Who is making the most out of it?
Okay, I understand that if your candidate is behind, and a minor scandal comes along that makes people notice you, then you will try to portray yourself as the victim and try to get as much traction out of it as you can.
Hillary gets a little careless in a statement concerning the reason why she is staying in the primary against all odds of winning. She points out that the RFK assassination took place in June, and there hadn’t been a clear winner then either.
The Obama campaign, sensitive to the very real possibility of assassination of their candidate,interprets thestatement as being a veiled prediction that maybe Barack Obama might get assassinated, so she is sticking around just in case.
Keith Olbermann makes the issue part of his nightly rant, and Obama supporters spread Olbermann’s rant throughout the InterTubes.
Hillary makes the following statement, understanding that she made a serious gaffe:
“I regret that if my referencing that moment of trauma for our entire nation, and particularly for the Kennedy family, was in any way offensive.”
Robert F. Kennedy, Jr, — a Clinton supporter — comes forward and says that she didn’t mean it that way.
Barack Obama comes forward and says that he knows how hectic campaigning is, and it is easy to get careless and say something that you didn’t mean. Obama gives her the benefit of the doubt.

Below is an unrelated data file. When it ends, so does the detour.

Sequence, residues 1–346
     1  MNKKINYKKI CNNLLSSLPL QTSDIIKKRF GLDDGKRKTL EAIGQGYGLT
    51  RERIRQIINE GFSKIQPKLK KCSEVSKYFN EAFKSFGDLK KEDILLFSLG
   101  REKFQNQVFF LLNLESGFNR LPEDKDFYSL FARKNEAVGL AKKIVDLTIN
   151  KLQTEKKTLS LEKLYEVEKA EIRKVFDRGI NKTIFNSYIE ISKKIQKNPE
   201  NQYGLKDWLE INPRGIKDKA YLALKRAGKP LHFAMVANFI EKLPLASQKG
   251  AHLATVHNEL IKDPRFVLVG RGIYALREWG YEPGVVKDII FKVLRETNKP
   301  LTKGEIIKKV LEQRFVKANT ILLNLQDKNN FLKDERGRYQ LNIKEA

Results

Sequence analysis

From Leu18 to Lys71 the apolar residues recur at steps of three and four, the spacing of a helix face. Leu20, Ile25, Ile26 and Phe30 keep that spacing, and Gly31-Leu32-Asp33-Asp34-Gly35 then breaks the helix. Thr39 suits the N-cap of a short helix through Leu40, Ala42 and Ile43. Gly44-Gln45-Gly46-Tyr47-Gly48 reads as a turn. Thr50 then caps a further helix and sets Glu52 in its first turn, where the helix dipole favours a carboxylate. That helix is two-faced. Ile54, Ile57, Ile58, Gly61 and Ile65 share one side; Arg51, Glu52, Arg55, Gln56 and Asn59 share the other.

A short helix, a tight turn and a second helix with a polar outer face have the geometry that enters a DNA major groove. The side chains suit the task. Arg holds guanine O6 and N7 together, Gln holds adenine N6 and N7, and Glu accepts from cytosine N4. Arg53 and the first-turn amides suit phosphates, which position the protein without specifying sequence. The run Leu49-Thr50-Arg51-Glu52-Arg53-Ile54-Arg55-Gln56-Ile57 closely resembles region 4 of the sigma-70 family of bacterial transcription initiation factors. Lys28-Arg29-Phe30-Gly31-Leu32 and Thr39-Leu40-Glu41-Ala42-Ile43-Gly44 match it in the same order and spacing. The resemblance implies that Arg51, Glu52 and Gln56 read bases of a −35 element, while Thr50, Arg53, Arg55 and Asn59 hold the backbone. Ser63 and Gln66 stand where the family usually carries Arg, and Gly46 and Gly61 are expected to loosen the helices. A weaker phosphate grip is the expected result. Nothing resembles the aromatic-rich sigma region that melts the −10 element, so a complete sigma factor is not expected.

It should be water under the bridge, a dead story, move on, nothing to see here.
Now the Clinton camp is stoking the fire by accusing the Obama camp of fanning the flames.
“The Obama campaign … tried to take these words out of context,” Clinton campaign chairman Terence R. McAuliffe said on “Fox News Sunday.” “She was making a point merely about the time line.”
Yes, you gas bag. We got the point — way back when. She said, he said, they said. It should be over now. Why are we still talking about all of this?
Obama senior strategist David Axelrod dodged questions about why the campaign was still circulating commentaries criticizing Clinton even after suggesting it wants to move beyond the controversy.
“We’re beyond that issue now, so certainly we’re not trying to stir the issue up,” Axelrod said.
Dodged a question like, “When did you stop beating your wife?” We know that they originally started circulating commentaries — the Clinton campaign would have done the same thing. But I have serious doubts that the campaign would continue to circulate them after their candidate came out to say he thought is was all a big mistake.
Besides, strategically, it benefits the Obama camp to let it die quickly and not give the Clinton camp something to hold on to. In short, the less publicity, the better.
Asked if Clinton has personally called Obama to apologize for the reference, McAuliffe said she has not, “nor should she.” He added, “Let’s be clear. This had nothing to with Senator Obama or his campaign.”
And he’s right, it isn’t important any more — so why keep harping on it?